Cleaver Headshot

Benefit v.14 celebrates the art in everything on February 8, highlighting the culinary excellence of J. Scott Catering, Tim Bellew Food, and Birchtree Catering. This week, we’re featuring the taste of texture by spotlighting artists who dabble in wood, clay, metal, and more for the best in tactile treats.

Randall Cleaver is an artist who could strike fear into the hearts of pirates – or at least of Captain Hook. His pieces call forth time and light from found objects, bending the materials of relativity into clockwork and lamps.

Can you start out by giving me a bit of background on your work?

I’m a found object artist. I make clocks and lamps out of found objects. Many of them are animated, motorized, or mechanical in some way to interact.

How did you start out using found objects?

I come from a family of pack-rats. My grandfather was a pack-rat, my father was a pack-rat, and it’s natural that I became one. I guess you’d call us hoarders now. In fact I’m still using stuff that my grandfather collected, it’s kind’ve fun. We’ve got three generations of junk.

You create clocks and lamps. You’re focusing on time and light – two fundamental aspects of physics. Is that on purpose?

Well at this point now it is. When I first started out, I was more of an assemblage artist. I was out shopping for a toaster oven, and it had a clock on it. I was looking around and I was noticing that everything had clocks on it. So I thought, ‘Oh, wouldn’t it be funny to start putting a clock in all of my pieces?’ And from there I started getting fascinated with the whole history of time.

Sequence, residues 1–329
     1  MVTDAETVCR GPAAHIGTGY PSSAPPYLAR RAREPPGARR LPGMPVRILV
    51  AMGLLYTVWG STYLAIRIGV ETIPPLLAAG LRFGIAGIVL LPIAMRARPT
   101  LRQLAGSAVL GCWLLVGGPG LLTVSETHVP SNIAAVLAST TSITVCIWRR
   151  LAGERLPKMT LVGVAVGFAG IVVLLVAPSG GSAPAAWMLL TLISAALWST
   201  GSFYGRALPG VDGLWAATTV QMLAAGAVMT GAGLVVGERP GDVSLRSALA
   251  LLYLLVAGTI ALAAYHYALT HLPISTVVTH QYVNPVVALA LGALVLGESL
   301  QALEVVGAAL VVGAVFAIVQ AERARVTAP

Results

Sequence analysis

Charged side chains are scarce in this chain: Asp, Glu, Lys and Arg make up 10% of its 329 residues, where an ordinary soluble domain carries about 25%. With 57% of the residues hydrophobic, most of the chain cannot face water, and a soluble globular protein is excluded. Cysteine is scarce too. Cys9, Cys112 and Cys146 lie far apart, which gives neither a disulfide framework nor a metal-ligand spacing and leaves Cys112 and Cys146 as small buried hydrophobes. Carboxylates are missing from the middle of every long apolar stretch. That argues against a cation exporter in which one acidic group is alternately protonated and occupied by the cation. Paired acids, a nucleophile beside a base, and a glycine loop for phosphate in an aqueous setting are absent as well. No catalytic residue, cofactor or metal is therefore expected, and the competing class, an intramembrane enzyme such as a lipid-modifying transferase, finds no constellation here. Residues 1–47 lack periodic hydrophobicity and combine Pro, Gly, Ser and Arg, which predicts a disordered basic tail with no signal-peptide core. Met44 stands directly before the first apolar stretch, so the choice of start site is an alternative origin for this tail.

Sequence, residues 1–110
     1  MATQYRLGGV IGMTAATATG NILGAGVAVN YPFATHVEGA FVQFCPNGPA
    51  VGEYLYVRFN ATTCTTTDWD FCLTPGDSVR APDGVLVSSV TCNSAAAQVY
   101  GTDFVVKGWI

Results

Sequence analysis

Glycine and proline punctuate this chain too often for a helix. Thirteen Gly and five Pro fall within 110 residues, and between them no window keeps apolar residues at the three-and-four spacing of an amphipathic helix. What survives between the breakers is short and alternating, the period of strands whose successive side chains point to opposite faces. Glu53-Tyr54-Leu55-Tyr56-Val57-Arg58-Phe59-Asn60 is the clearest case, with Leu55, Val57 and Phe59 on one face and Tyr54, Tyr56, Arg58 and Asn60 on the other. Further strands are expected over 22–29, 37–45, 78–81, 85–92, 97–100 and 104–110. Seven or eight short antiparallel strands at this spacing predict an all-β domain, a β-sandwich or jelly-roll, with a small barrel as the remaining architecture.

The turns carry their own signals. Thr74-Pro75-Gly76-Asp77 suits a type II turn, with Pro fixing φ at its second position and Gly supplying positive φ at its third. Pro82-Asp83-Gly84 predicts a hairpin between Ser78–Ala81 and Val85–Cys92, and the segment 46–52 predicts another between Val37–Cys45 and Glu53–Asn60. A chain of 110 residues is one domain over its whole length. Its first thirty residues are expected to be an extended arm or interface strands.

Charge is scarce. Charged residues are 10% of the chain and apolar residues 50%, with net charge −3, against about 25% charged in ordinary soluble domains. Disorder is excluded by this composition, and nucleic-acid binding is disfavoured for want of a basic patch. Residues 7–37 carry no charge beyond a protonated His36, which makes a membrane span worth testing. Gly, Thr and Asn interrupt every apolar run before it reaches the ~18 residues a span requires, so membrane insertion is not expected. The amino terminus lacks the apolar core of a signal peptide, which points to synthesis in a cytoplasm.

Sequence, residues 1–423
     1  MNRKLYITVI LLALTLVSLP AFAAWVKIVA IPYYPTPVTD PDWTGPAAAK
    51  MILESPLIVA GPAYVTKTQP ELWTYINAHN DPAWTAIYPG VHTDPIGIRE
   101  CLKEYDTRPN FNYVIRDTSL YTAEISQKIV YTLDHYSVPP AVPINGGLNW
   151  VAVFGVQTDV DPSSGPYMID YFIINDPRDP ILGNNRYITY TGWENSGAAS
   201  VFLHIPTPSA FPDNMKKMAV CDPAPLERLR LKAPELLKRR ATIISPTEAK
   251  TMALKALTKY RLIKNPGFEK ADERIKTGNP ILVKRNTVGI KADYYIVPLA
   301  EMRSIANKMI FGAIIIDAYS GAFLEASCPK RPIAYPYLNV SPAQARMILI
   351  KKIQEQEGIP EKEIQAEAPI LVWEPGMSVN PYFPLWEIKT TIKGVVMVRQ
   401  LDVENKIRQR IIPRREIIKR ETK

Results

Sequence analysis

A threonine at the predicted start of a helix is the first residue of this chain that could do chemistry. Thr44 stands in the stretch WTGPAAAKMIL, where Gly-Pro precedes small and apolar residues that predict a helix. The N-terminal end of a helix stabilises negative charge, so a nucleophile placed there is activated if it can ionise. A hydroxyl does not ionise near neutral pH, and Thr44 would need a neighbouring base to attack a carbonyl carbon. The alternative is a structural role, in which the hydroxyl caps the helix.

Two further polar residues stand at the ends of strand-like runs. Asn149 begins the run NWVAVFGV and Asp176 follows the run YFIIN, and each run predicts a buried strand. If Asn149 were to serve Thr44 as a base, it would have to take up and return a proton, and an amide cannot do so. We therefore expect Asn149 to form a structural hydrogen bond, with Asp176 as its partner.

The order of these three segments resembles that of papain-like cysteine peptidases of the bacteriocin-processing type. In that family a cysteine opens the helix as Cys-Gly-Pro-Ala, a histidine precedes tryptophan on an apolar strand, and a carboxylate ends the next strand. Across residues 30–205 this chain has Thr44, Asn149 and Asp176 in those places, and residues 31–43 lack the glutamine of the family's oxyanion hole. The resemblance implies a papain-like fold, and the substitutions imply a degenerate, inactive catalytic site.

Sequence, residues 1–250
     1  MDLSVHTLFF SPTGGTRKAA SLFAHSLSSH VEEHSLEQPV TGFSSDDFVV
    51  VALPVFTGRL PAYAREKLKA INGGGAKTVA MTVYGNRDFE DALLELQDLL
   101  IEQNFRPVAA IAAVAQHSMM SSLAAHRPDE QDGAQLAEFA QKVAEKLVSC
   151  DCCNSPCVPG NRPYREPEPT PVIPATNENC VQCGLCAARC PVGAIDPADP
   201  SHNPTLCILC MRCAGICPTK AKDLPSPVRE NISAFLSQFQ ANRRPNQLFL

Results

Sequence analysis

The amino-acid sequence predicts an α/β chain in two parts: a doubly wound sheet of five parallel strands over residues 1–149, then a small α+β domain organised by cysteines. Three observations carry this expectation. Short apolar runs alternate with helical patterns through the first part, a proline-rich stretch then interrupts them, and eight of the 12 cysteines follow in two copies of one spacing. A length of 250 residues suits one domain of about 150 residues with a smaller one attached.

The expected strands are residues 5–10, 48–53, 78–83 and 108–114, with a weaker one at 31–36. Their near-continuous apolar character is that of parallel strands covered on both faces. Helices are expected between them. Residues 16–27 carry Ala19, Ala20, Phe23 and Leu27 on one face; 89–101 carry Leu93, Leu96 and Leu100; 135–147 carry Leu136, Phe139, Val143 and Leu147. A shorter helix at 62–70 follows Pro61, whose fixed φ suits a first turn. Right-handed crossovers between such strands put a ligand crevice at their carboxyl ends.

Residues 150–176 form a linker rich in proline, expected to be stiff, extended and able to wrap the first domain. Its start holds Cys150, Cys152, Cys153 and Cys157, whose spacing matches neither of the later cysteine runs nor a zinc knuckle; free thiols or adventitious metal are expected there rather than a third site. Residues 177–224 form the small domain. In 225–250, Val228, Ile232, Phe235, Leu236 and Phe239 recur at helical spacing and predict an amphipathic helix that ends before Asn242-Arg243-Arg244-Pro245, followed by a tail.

In 2007 I went back to school as a clock maker. So I also repair antique clocks, and that helps me in my work, as far as the mechanisms of time.

I was wondering what came first – the clock repair or the work.

The work came first. That was the mid 1980s. It was many years after that I went into clock repair.

Do you find that it works as a reciprocal process, where the clock repair inspires your art?

Yeah it does. A lot of the mechanical movement that I have in my work, like hands waving or eyes moving back and forth, you can find those all in antique clocks.

You mention in your artist statement that you incorporate humor into your pieces. Can you give me an example of how a clock could be humorous?

It’s a combination of humor and disturbing. I have fun making these – I get really excited making them. I laugh as a I’m working on them. I have one piece called “And This Is the Last Dance.” This couple is dancing in the foreground, back and forth, and there’s stars twinkling in the background, and there’s this dragon attacking the village behind them.

cleaver_randall_the-minutes-fly

So macabre humor. That’s my favorite kind. Can you tell me about the piece you’ve donated to Benefit v.14?

It’s called “The Minutes Fly.” It’s an old mailbox, with a sand glass inside, and you can turn it and watch the minutes fly by as the clock goes on. It’s a fun little piece with wings. Everything’s flying away as time moves on.

What are you looking forward to most about the event?

Along with access to really great art, at decent prices a lot of the time – I’ve increased my collection by quite a few – but also just meeting other artists. It’s a really good party for that.

Bid on Randall Cleaver’s work at Benefit v.14 on Saturday, February 8. Click here to purchase tickets.

Donna Quinn

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